Since ball lightning in aircraft is relatively well-documented, safe, and slightly more predictable than other forms, I wonder: Could ball lightning be systematically reproduced and studied safely by flying well-instrumented drones in the weather conditions that are known to produce ball lightning? Getting the budget to do so is another matter entirely, but learning how to produce glowing balls of light that float through walls? Seems worth it!

The sociology of ball lightning

I’m just as interested in the sociology of the scientific study of ball lightning. Why did it take so long for scientists to take seriously reports like this one?

On September 10, 1845, at about two in the afternoon, in the course of a violent storm, a fireball came down the chimney into a room in a house in the village of Salagnac (Creuse). A child and three women who were in the room suffered no harm from it. Then it rolled into the middle of the kitchen, and passed near the feet of a young peasant who was standing in it. After which it went into an adjoining room, and disappeared without leaving any trace. The women tried to persuade the man to go in and see whether he could not stamp it out, but he had once allowed himself to be electrified in Paris, and thought it prudent to refrain. (Stenhoff, page 80)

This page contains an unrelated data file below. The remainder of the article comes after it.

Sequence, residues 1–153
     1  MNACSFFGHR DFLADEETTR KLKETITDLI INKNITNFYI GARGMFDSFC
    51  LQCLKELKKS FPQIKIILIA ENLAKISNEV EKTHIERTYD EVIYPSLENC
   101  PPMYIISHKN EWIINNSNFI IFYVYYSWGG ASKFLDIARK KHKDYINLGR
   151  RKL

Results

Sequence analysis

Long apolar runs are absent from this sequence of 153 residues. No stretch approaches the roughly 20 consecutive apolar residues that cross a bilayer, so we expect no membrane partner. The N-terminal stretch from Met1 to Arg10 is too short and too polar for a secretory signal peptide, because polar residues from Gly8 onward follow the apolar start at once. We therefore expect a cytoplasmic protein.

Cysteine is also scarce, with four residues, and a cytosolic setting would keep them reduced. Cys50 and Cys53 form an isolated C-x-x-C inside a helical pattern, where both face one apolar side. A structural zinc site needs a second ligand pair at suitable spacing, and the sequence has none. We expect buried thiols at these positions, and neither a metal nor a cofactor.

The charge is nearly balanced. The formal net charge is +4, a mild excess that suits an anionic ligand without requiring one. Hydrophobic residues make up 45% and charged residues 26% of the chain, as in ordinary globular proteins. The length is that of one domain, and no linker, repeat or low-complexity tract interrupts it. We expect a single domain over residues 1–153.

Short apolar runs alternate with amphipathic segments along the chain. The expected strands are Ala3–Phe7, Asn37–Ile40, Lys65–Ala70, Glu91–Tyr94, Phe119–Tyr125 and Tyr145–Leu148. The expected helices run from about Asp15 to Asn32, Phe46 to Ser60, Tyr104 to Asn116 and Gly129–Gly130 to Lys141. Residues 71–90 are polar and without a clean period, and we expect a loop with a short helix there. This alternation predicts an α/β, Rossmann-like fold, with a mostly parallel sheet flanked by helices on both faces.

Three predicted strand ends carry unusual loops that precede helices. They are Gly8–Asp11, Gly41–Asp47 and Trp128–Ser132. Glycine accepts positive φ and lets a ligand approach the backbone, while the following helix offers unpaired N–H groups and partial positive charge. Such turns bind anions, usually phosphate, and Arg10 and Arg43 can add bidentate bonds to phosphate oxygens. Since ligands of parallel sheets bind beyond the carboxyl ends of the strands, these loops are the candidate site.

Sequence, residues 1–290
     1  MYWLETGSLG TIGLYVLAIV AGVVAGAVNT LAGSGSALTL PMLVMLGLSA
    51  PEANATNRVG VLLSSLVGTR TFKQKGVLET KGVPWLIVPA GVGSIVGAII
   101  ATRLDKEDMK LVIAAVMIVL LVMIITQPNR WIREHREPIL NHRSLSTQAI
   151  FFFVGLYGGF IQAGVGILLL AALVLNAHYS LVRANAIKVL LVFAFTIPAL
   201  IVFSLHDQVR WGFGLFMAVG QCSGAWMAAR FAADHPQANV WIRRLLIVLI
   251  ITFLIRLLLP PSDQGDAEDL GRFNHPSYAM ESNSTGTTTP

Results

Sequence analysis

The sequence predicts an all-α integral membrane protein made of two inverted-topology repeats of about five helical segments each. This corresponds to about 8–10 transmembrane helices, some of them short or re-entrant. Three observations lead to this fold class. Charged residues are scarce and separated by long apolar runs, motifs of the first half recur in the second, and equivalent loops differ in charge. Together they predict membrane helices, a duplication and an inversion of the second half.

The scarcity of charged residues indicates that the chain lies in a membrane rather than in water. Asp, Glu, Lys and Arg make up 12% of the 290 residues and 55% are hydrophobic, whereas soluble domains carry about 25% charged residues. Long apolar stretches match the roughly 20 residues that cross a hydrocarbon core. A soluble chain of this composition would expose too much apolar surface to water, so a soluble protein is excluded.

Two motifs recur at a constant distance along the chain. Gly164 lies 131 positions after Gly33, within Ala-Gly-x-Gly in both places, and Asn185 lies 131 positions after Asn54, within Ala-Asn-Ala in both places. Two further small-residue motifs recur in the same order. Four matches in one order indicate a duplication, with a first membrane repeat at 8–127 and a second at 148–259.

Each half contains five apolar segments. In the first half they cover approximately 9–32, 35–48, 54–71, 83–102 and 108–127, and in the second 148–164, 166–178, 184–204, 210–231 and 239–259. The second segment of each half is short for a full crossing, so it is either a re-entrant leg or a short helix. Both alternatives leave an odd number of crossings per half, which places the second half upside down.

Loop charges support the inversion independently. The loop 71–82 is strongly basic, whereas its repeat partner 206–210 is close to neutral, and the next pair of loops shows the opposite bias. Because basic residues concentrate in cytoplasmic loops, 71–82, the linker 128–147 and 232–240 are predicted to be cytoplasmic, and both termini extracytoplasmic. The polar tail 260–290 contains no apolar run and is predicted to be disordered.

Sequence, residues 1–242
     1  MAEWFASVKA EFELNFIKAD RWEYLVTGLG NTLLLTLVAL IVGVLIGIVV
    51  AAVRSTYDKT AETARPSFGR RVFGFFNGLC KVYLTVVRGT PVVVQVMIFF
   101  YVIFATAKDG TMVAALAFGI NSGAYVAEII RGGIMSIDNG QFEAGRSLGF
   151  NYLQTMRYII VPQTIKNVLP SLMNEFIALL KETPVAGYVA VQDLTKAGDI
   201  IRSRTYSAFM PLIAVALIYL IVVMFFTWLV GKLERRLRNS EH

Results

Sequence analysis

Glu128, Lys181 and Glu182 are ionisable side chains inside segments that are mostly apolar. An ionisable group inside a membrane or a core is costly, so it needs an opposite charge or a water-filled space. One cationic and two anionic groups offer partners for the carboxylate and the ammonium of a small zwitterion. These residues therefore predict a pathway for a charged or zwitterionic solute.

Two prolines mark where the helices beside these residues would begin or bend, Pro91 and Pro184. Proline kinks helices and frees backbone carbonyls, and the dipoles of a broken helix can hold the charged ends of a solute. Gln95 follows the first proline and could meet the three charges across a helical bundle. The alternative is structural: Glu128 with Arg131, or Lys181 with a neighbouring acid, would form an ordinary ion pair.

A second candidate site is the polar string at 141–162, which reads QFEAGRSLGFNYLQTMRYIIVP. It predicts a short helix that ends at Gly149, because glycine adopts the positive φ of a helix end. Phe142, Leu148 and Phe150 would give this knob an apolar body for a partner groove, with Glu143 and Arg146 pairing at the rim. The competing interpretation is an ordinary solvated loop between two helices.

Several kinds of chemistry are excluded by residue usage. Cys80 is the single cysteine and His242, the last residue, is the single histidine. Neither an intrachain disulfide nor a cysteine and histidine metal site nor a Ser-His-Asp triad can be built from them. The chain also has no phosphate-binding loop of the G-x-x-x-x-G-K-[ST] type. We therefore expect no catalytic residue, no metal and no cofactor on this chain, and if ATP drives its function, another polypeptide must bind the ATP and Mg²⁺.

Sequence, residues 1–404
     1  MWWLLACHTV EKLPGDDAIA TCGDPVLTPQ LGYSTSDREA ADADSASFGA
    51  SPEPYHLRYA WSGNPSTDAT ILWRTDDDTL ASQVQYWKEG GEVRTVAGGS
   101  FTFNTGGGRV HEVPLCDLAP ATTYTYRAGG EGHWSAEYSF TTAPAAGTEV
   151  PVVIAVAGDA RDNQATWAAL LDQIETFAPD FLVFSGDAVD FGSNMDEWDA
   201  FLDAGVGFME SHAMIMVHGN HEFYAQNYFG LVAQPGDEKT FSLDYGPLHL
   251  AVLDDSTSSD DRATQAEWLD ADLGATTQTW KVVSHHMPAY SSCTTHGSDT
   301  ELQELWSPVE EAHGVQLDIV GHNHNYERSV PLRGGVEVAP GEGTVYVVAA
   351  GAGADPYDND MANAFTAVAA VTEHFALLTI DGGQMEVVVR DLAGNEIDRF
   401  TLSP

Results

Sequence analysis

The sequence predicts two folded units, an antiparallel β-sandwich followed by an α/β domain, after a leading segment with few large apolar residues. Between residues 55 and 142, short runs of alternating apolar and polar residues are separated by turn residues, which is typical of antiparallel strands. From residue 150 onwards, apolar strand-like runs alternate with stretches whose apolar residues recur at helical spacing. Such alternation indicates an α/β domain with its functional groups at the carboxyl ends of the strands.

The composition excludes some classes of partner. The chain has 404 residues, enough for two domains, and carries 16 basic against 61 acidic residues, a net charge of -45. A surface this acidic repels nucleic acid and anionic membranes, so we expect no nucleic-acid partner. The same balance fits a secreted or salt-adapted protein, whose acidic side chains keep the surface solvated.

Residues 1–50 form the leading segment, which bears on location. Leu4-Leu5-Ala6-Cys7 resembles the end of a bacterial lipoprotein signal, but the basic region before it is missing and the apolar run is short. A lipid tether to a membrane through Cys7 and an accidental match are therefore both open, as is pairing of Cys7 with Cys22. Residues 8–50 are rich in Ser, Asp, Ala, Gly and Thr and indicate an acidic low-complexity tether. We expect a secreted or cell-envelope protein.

Stenhoff points out that ball lightning shares one characteristic with meteorites: they are rare, short-lived events that can’t be reproduced on demand, and are rarely observed by scientists. The vast majority of the witnesses are of low social status: peasants, housewives (gendered term used intentionally), children, etc. While we now accept meteorites as an established fact of science, scientists sneered at illiterate peasants’ reports of stones falling out of the clear blue sky for decades. It wasn’t until the early 19th century that scientists started taking meteorite reports seriously. (Stenhoff, page 177)

Ironically, Stenhoff commits the sin of disregarding eye witness reports even as he argues against it. While discussing the reliability of eye witness reports of a major meteor strike, he mentions as an example of unreliability that many observers report a sizzling noise at the same time they saw the meteors traverse the sky. That was believed to be impossible in 1999, when this book was published – after all, sound travels much more slowly than light, and the meteors are dozens of miles away. However, in 2001, scientists realized that meteors create very low frequency (VLF) radio waves as they travel through the atmosphere. These waves can cause things near the ground to vibrate – like hair – creating a sizzling or fizzing noise.